Domaine de Courcel Pommard Rugiens Premier Cru 2015
The wines produced are spicy; sweet spices such as cloves. They are fine, very airy, both elegant and concentrated. The tannins, the aromas of blackberry and very ripe raspberry enhance the long finish.
Critical AcclaimAll Vintages
The Domaine de Courcel is a 400-year-old family-owned winery located in the village of Pommard in the Côte d’Or. Its current owners, three sisters and one brother, are the descendants of the founders. Gilles de Courcel provides leadership for the domaine, the estate is managed by Anne Bommelaer and Marie de Courcel, and Yves Confuron has served as the winemaker since 1996. Its prestigious Pommard Premier Crus include Le Grand Clos des Épenots, Les Rugiens, Les Frémiers, and Les Croix Noires. Tradition, modernism, and excellence are the pillars of this domaine.
Representing some of the darkest, deepest and sturdiest Pinot Noir of Burgundy, Pommard is one of the two villages in Côte de Beaune—along with Volnay—that is recognized for its impressive Pinot Noir. While it can’t boast any Grands Crus vineyards, its extraordinary Premiers Crus vineyards are aplenty.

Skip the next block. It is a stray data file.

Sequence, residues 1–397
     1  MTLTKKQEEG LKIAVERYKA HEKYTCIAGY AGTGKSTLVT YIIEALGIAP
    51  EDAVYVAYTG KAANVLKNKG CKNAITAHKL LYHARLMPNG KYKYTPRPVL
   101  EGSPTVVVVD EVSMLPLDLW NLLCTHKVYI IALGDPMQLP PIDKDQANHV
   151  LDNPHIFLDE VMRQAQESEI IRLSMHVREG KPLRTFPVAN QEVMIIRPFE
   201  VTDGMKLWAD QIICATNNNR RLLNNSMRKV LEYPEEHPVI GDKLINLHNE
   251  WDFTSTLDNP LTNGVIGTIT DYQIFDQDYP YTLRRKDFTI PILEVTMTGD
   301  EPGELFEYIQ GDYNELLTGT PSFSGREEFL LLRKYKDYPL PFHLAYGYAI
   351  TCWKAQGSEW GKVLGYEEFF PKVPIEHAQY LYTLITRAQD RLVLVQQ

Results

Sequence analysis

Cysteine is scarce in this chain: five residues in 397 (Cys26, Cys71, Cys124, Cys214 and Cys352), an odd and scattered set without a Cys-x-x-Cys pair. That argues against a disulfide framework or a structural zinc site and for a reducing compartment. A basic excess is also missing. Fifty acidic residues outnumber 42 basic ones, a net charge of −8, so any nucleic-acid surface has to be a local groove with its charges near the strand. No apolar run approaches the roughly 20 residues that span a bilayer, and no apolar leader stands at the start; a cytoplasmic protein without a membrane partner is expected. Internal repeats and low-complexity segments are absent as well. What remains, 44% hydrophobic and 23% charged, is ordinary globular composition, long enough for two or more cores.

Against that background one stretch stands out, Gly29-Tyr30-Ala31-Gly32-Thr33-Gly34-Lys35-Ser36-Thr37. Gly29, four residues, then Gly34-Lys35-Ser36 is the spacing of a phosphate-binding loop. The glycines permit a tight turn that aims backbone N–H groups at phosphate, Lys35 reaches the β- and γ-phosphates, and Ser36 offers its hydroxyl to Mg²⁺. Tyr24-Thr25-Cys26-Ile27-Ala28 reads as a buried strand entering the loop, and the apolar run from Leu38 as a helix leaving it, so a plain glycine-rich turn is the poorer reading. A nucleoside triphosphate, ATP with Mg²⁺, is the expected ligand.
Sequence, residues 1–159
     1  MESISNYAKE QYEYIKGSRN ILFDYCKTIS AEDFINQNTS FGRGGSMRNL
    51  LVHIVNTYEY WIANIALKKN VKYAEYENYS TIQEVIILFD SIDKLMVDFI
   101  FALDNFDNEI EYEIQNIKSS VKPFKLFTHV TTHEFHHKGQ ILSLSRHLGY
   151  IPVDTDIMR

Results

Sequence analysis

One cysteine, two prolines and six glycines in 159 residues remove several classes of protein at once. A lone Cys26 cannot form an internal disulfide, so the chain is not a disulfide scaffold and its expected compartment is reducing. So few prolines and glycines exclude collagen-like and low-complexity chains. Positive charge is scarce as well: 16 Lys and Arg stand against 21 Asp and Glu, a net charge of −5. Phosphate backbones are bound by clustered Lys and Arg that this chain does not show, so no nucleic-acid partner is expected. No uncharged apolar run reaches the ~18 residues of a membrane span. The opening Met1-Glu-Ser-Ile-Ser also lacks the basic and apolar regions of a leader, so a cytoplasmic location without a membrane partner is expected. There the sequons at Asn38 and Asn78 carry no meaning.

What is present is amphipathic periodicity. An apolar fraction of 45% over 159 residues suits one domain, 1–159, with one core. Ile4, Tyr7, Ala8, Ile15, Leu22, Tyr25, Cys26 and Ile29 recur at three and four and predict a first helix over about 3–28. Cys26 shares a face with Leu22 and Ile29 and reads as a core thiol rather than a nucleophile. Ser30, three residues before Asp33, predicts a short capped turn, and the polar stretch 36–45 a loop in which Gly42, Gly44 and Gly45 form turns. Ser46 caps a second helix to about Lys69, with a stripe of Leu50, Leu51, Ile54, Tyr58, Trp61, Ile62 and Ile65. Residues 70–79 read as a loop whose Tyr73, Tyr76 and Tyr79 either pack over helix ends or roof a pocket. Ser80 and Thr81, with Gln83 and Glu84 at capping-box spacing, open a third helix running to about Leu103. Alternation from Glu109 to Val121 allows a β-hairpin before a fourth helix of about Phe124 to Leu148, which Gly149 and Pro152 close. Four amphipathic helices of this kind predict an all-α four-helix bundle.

Les Pézerolles, Les Épenots, Clos des Épeneaux, Les Chanlins, Les Jarolières, Les Fremiers and particularly Les Rugiens are among the most outstanding Premiers Crus.
The best Pommards will be concentrated in flavors such as black cherry, blackberry and dark chocolate, have dazzling aromas of violets, menthol or wild herbs and a firm and powerful finish. They typically demand some time in the bottle to reach their peak.
Thin-skinned, finicky and temperamental, Pinot Noir is also one of the most rewarding grapes to grow and remains a labor of love for some of the greatest vignerons in Burgundy. Fairly adaptable but highly reflective of the environment in which it is grown, Pinot Noir prefers a cool climate and requires low yields to achieve high quality. Outside of France, outstanding examples come from in Oregon, California and throughout specific locations in wine-producing world. Somm Secret—André Tchelistcheff, California’s most influential post-Prohibition winemaker decidedly stayed away from the grape, claiming “God made Cabernet. The Devil made Pinot Noir.”